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S. Hazra, Y. P. R. Jarajapu, A. Bhatwadekar, A. Verma, L. Kennedy, Q. Li, D. Kent, M. B. Grant; Pharmacological Manipulation of Endothelial Progenitor Cell Function for Cellular Therapy for the Vasodegenerative Phase of Diabetic Retinopathy. Invest. Ophthalmol. Vis. Sci. 2009;50(13):6172.
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Current available treatments for diabetic retinopathy are focused on end-stages of the disease. These therapies do not address the primary pathology of retinal neurovascular degeneration that precedes pathological neovascularization. Intervention at the vasodegenerative phase could prevent disease advancement. Stem cell therapy may represent a therapeutic strategy at this earlier point; however, diabetic EPCs (CD34+ cells) are dysfunctional and this severely limits there therapeutic utility. Diabetic CD34+ cells show impaired migration and reduced incorporation into the areas of vascular injury. Diabetes is associated with reduced bioavailability of NO due in part to increased production of reactive oxygen species (ROS), resulting in endothelial dysfunction. We hypothesized that pretreatment of diabetic CD34+ with pharmacological agents to increase NO bioavailability would correct their migratory defect.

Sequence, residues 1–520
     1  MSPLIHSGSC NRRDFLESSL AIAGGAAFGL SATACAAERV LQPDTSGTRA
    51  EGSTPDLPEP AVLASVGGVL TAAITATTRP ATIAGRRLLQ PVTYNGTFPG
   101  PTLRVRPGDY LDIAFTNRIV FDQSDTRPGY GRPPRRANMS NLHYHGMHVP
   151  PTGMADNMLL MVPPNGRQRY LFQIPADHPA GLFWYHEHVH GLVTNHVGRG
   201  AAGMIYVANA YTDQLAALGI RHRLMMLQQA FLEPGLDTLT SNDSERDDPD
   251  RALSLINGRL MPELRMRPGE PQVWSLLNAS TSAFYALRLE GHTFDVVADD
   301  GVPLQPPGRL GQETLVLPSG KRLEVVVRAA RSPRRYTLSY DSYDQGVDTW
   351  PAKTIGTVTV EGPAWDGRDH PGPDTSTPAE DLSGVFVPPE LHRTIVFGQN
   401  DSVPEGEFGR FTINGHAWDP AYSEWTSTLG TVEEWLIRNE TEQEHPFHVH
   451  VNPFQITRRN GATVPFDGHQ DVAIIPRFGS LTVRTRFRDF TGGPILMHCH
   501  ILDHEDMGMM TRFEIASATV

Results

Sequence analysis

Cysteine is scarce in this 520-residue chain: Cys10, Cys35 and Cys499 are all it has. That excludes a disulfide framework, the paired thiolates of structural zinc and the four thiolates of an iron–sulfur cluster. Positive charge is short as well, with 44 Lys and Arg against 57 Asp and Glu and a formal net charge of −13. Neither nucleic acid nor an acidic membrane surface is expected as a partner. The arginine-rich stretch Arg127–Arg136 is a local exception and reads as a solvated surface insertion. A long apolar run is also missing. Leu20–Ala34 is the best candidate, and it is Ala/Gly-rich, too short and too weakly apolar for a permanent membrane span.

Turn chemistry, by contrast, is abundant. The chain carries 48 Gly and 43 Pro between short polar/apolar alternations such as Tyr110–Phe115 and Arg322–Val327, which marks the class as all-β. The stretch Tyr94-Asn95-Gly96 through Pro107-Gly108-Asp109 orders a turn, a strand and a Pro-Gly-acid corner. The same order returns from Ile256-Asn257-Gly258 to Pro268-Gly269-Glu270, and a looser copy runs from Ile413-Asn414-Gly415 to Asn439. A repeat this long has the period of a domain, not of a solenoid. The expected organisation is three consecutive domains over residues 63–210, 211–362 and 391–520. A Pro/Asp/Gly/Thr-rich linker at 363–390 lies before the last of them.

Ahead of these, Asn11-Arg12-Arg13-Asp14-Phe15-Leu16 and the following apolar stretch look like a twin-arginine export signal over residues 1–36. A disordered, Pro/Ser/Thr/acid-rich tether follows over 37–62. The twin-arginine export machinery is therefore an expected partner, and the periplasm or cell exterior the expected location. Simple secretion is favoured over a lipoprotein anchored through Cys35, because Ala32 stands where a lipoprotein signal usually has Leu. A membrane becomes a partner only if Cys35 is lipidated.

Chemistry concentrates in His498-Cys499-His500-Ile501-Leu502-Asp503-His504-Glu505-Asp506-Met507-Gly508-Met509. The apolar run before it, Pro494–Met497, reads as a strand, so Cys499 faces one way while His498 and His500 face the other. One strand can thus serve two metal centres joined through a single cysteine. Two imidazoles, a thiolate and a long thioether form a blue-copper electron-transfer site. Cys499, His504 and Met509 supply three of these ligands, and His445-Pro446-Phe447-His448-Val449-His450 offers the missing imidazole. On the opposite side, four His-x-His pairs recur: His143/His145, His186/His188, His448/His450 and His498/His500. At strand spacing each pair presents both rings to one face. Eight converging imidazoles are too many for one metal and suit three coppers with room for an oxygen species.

Pioglitazone, a PPARgamma agonist and an antidiabetic agent and NADPH oxidase (NOX) inhibitors, Apocynin and gp91ds-tat were used in this study. Peripheral blood was collected from normal and diabetic patients with severe non proliferative DR and CD34+ cells were isolated by immunomagnetic selection. NO and ROS productions were measured by DAF-FM and DHE fluorimetry, respectively, using TillPhotonics imaging system. Migration of cells in response to SDF-1 or VEGF was evaluated by Boyden chamber assay.
Pretreatment of diabetic CD34+ cells with pioglitazone increased mRNA and protein levels of endothelial nitric oxide synthase (eNOS), enhanced NO production, decreased ROS production and enhanced migration of cells in vitro. Pretreatment with apocynin increased NO production in diabetic cells. Pretreatment with gp91ds-tat decreased ROS production, enhanced NO release and reversed impaired migration to SDF-1 and VEGF in diabetic cells.
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